During her senior year of high school, Shelby Ventura decided to take a teaching pathway class as a way to get off campus and spend some time with the children in her district’s elementary schools instead of in the classroom. Little did she know that this decision would completely change her life and lead her to realize her calling to become a teacher.
Now the special education lead teacher at Robinson Elementary School, Ventura is in her second year teaching at the school and has been selected as Robinson’s 2022-23 teacher of the year.
Upon graduating high school, Ventura went to the University of North Georgia and participated in a dual program offered by the college to earn her bachelor’s degree in both general education and special education. During a spring break trip to Florida in her senior year of college, she fell in love with the area and realized the need for teachers, so after receiving her degree she moved down to teach in Pinellas County.
Though she loved teaching in Florida, Ventura said that she always felt called to come back to Georgia, so she moved back to teach in Gwinnett County for about three years. But in the back of her mind, she said, she always longed to return to Robinson, where she had student taught several years before.
“I always just had Robinson in my heart — I’m from up here, so after about three years of teaching in Gwinnett I moved back here and interviewed here,” Ventura said. “I was really nervous but everyone was still here and they remembered me. I think Florida and Gwinnett gave me a lot of perspective but coming back here is like coming back home.”
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This year, Ventura is serving as the lead teacher of Robinson’s special education team, teaching preschool, first and second graders, and loving everything about it.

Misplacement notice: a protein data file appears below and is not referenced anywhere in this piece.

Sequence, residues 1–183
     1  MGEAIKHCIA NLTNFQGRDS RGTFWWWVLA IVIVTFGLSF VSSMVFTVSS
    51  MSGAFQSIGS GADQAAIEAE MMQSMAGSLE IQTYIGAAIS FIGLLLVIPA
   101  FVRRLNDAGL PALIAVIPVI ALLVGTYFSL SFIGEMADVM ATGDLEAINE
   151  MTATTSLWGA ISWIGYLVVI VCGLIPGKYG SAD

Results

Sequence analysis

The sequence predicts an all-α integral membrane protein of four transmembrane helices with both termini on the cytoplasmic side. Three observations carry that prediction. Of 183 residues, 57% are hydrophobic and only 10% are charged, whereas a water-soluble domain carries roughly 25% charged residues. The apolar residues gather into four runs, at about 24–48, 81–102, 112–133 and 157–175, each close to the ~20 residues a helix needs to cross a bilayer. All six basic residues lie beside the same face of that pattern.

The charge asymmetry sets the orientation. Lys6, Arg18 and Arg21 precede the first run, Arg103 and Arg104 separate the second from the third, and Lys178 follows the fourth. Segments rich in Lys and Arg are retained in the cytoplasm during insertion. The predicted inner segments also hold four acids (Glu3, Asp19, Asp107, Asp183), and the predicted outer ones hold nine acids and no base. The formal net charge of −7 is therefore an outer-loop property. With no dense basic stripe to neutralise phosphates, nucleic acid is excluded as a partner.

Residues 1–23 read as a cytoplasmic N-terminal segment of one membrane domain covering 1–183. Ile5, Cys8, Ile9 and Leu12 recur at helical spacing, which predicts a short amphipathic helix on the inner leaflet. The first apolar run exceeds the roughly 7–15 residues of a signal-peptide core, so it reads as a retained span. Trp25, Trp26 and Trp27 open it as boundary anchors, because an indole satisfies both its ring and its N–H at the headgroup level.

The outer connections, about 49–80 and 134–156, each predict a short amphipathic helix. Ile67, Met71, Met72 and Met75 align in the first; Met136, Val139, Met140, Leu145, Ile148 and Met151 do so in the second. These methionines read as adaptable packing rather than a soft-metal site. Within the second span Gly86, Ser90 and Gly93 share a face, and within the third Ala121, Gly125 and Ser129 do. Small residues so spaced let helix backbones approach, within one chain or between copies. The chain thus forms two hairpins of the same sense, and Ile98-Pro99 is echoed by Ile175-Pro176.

“Every day is different, and every day those kids have a different need,” Ventura said. “I just love it; I love giving anybody what they need, making people feel good about themselves, proving people wrong about how they feel about themselves and making them realize what they’re capable of.”
Ventura said that some of her favorite things about teaching are creating a safe, family space for her students to learn and grow in and seeing the children’s faces when they accomplish a goal, especially a goal they may not have thought they’d reach.
“When kids start to grow their confidence it makes me feel good; I love teaching when you have any kid get better at something they’re struggling with, whether that’s behavior, reading, anything,” Ventura said. “My favorite thing to tell kids every year is ‘if you have a good attitude and you work hard you will be fine and you’re going to get better at anything that you’re struggling with’.”
In her classroom, Ventura teaches by two mottos: “be nice and work hard” and “make it a great day or not — the choice is yours”.
“Especially being a kid, not a lot of things are in your control, but your perspective and how you see things is in your control,” Ventura said. “I went to school in Hall County and our principal used to say that every day; when I was a teenager I didn’t think it was true but now I see how true it is.”
Ventura was announced as the 2022-23 teacher of the year for Robinson during a yearbook assembly in May, and she said that she could not have been more surprised to learn that she had been selected for the honor.